In the lawsuit filed in Montgomery County Circuit Court, Casa of Maryland claims that many of the arrests have been made under racially discriminatory or otherwise questionable pretexts.

Sheriff Jenkins bristles at the accusation. At a Help Save Maryland rally Dec. 8 in Rockville, he was adamant that enrolling in 287g was motivated only by what he has seen as a steady increase in serious crimes committed by illegal immigrants.

"This is about saving America on a grass-roots level," he said, adding that the program has led to "not one complaint" and "not one illegal arrest" and describing the process as only an "extra step" in the normal course of criminal investigations. Among the 261 people that his office has handed over to federal agents since April - 8.5 percent of the Frederick jail's intake - were nine MS-13 gang members, a "trained Nicaraguan sniper," "former El Salvadoran guerillas" and others arrested for assaults, sex crimes and domestic abuse, he said.

In front of the standing-room-only crowd of more than 100 at the Rockville library, Help Save Maryland director Brad Botwin laid out a strategy to bolster their lobbying efforts, including more fundraising and a more concerted push in the coming state legislative session, which begins Jan. 14. "We're going to turn you into a monster to get out there to Annapolis and change things," said Botwin, a Derwood resident who formed the group last year along the model of similar groups in Virginia.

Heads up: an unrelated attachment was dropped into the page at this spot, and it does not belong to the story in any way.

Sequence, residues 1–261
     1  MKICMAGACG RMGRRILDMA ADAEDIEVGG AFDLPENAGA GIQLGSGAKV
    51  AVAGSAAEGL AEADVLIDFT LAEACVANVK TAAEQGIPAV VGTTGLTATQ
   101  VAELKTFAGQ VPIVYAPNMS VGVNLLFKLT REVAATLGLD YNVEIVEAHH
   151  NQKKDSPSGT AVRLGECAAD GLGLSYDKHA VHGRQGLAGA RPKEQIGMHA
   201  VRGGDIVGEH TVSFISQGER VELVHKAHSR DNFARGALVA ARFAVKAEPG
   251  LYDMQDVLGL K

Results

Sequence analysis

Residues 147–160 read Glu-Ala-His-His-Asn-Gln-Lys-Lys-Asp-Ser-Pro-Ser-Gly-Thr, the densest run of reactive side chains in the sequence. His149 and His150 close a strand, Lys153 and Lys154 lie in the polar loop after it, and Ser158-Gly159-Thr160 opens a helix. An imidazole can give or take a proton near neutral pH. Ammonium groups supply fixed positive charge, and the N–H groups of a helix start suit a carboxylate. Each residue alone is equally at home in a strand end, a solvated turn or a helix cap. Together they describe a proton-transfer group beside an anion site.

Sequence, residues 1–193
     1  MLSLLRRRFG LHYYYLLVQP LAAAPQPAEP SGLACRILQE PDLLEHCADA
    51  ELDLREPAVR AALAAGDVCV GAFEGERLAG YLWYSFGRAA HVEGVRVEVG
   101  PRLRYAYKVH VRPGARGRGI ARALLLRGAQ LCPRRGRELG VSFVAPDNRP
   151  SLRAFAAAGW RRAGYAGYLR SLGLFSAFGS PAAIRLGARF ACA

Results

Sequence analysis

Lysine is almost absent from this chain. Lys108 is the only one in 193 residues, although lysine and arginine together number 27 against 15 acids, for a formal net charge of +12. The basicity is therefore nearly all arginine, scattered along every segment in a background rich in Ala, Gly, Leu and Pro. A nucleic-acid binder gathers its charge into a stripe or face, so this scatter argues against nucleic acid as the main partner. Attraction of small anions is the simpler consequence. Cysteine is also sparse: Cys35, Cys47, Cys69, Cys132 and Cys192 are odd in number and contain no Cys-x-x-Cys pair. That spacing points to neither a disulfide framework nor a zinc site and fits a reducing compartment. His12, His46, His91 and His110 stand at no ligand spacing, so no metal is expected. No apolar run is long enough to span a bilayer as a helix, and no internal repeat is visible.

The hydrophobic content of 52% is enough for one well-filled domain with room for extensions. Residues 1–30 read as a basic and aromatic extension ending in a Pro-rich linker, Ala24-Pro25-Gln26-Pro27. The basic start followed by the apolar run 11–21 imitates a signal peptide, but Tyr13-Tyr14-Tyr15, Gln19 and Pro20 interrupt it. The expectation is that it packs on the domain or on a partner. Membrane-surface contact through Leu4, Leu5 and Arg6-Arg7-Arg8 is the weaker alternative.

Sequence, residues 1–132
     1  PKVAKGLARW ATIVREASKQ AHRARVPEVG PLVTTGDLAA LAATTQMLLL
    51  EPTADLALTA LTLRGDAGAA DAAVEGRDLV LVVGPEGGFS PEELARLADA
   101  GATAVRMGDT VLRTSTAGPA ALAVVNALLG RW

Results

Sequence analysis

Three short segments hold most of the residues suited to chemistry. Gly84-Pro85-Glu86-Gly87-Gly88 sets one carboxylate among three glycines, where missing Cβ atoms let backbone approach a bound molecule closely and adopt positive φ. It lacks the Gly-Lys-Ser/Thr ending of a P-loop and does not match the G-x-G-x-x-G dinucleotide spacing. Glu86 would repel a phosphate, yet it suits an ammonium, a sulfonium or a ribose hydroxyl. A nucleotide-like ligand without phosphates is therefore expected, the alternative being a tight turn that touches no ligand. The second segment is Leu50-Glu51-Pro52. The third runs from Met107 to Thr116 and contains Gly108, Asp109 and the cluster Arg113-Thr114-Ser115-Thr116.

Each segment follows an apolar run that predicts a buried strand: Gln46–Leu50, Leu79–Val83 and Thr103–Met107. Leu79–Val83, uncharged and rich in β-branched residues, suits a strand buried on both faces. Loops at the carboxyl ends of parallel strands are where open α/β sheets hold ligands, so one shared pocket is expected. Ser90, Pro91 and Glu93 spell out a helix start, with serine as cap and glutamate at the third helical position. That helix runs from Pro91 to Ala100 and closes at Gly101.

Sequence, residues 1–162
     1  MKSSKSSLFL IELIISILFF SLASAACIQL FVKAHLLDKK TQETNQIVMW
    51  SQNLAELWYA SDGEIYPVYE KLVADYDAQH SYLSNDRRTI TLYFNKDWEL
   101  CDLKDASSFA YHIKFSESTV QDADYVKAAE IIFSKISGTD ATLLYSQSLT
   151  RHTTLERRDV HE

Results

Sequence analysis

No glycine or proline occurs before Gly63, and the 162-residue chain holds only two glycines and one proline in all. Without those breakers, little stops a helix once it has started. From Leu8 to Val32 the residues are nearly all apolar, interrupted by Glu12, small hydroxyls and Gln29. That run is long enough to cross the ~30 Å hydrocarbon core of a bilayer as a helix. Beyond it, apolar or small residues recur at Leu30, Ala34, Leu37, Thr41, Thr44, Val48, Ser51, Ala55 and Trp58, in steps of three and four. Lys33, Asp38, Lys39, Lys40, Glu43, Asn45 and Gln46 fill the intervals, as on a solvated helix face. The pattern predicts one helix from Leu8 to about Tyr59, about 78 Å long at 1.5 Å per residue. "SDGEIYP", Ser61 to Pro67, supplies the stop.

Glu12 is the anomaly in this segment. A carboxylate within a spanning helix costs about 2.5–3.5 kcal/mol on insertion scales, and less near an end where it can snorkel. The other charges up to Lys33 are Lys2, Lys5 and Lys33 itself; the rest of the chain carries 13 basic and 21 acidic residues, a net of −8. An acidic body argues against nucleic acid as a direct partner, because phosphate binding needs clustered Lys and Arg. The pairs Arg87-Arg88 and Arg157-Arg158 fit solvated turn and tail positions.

Letter to Gazette -

It Is What It Is In response to yet another disturbing letter from Henry Montes ("Being undocumented is not a criminal offense", Dec.10), one has to seriously question the judgment of Montgomery County Executive Ike Leggett for appointing him to his Latin American Advisory Group. It is quite clear from the overwhelming correspondence received by the Gazette that Mr. Montes is out of touch with the citizens of Montgomery County regarding illegal immigration. How can a senior spokesperson for the County Executive's Office seemingly compare the status of the illegal alien criminals and MS-13 gang members responsible for the recent murder and crime wave sweeping Montgomery County to citizens getting tickets for j-walking or littering? Mr. Montes calls illegal aliens "good decent persons". Crossing the border into the U.S. without permission or overstaying a travel visa are not acts of "good decent people". They are deportable offenses and if the Montgomery County Police and Department of Corrections and Rehabilitation were doing their jobs by enforcing the law and screening lawbreakers, six good decent citizens would still be alive today. Determining immigration status is not a difficult task. By the simple stroke of a pen Mr. Leggett can order Montgomery County Police Chief Leggett and Department of Corrections and Rehabilitation Arthur Wallenstein to fully cooperate with federal Immigration and Customs Enforcement (ICE). That same pen can also terminate the services of Mr. Montes. Brad Botwin, DirectorHelp Save Maryland

Forward email


Post a Comment

<< Home